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Editorial comment

She stood in line, one of hundreds outside the Stanford International Bank in St John’s, the capital of Antigua, and she was anxious. “Where have my savings gone? How am I going to pay my bills?”


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She stood in line, one of hundreds outside the Stanford International Bank in St John’s, the capital of Antigua, and she was anxious. “Where have my savings gone? How am I going to pay my bills?” The TV journalist nodded and smiled sympathetically before moving to another local resident, an elderly man. “I’m retired and if my money is all gone, how am I going to live?” And so it would have continued had the journalist moved on down the line, but it was a switch back to the studio newsreader and on with more news about the demise of Sir Allen Stanford’s empire and the probe into the US$8 billion scandal surrounding him. The Stanford empire stretches from Houston, Texas, down through Central and Latin America and across the Caribbean, embracing businesses not only in that region but also far away from the Americas. Investors and depositors have been hit, while donations to US politicians made during the US presidential election have been or are hastily being transferred into charities. Stanford’s sporting interests in sailing, tennis, cricket, polo and golf (including the AT&T National Tour Event hosted by Tiger Woods) will be severely affected and probably cancelled. After the Bernard Madoff scandal, and all the machinations that rocked the world’s banks last year, with famous names such as Bear Sterns, J P Morgan Chase, Fannie May and Freddie Mac in deep trouble, the question has to be, where or what next?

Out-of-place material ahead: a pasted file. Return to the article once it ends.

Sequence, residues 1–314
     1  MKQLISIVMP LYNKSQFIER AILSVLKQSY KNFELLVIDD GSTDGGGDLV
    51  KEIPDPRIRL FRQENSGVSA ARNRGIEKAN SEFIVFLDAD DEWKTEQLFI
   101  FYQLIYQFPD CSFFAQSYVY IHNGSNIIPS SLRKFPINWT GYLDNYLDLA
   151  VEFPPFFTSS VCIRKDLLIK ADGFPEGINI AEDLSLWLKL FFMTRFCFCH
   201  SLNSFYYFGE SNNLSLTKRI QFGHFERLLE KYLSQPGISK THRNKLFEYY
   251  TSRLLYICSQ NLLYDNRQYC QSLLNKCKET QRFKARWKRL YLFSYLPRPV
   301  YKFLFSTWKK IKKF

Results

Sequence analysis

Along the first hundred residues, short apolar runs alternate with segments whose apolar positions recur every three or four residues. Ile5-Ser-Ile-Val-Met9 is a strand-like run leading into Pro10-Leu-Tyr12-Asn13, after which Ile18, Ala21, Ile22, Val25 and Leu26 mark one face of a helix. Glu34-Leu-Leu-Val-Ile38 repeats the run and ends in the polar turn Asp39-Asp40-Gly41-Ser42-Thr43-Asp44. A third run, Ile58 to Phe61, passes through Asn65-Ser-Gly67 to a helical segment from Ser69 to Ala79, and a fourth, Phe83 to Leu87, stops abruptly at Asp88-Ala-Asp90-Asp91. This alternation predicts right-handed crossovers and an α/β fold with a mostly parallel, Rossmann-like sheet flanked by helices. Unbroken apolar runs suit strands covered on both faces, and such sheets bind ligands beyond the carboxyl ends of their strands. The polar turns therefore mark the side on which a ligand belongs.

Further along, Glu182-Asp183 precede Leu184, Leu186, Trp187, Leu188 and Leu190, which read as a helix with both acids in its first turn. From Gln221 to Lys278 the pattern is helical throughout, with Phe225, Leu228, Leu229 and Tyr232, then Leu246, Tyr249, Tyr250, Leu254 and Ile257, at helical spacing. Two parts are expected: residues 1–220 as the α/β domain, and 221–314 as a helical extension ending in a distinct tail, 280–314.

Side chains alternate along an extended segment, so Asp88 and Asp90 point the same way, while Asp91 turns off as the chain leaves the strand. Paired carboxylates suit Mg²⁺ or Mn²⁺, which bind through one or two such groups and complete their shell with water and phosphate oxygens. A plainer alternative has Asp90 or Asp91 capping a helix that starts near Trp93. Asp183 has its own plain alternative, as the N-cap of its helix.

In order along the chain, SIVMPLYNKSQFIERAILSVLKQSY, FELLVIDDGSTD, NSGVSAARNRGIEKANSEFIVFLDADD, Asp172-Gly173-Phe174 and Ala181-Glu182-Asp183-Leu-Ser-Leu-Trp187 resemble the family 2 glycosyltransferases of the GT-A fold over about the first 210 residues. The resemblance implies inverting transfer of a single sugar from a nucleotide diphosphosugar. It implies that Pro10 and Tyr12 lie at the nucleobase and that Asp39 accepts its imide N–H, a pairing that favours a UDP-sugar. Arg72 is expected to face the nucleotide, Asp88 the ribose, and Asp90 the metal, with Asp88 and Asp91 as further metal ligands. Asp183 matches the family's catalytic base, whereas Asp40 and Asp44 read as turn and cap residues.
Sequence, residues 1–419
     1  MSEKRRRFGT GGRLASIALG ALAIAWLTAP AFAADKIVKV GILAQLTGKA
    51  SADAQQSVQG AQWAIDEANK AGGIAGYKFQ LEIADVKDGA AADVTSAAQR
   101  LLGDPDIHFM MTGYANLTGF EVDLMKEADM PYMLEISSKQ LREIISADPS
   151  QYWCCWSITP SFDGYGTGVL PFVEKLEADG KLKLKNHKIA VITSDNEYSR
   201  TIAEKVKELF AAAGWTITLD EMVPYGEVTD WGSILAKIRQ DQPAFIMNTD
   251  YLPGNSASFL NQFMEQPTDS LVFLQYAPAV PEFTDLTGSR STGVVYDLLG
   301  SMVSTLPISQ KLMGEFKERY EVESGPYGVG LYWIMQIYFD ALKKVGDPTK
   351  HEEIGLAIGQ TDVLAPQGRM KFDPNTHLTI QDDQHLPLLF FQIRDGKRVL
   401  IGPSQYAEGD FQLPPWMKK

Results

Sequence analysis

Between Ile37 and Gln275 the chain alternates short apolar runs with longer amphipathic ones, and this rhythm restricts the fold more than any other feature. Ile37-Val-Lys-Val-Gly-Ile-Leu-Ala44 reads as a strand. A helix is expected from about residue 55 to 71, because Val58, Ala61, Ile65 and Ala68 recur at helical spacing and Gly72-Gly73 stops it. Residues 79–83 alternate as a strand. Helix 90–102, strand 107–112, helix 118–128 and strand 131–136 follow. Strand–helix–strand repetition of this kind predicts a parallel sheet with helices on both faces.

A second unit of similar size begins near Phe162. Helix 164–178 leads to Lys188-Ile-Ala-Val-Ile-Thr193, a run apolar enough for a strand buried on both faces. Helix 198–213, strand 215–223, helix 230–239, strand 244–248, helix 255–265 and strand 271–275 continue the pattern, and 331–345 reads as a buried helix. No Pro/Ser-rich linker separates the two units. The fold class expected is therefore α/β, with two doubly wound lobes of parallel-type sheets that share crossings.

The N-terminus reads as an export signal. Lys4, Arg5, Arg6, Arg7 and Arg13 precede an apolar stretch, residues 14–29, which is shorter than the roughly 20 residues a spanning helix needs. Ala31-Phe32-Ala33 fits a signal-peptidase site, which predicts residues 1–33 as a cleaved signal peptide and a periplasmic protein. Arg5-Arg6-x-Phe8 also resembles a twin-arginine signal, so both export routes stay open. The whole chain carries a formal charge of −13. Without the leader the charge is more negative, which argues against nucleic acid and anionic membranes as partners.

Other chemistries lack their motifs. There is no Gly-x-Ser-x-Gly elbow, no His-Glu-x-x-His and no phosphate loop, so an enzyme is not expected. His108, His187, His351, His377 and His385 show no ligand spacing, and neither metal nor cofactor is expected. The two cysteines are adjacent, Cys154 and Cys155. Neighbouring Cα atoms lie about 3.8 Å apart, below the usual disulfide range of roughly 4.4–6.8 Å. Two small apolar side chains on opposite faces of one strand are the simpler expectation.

One of the banks caught up in the malaise, and one that had to be bailed out to the tune of US$20 billion by the US government, is Bank of America. This was essential to preserve the Bank’s existence following its merger with Merrill Lynch when it was discovered that Merill Lynch had massive trading losses. What would Amadeo Giannini have made of all this? This philanthropic businessman born in California, the son of Italian immigrants, founded the Bank of Italy in 1904, basically to serve the needs of the Italian immigrant community that resided in San Francisco’s North Beach neighbourhood. In 1906, following the devastating earthquake and fire that virtually destroyed San Francisco, he immediately stepped in and offered loans to businesses to help rebuild the city. Giannini’s bank rapidly expanded as he bought up banks throughout California, eventually ending up with 500 branches. In the late 1920s he approached Orra E. Monnette, President and Founder of another bank, and a merger was agreed in 1929 resulting in a new bank. That bank was Bank of America. Considered to be the founder of America’s modern banking practice, Giannini nurtured the film and wine industries in California, and bought bonds to help finance the Golden Gate Bridge, among many other ventures. After the Second World War he arranged loans to help rebuild the Fiat factories in Italy. Time magazine named him as one of America’s Titans. All this and a lot more, but with no recorded mention of any scandal...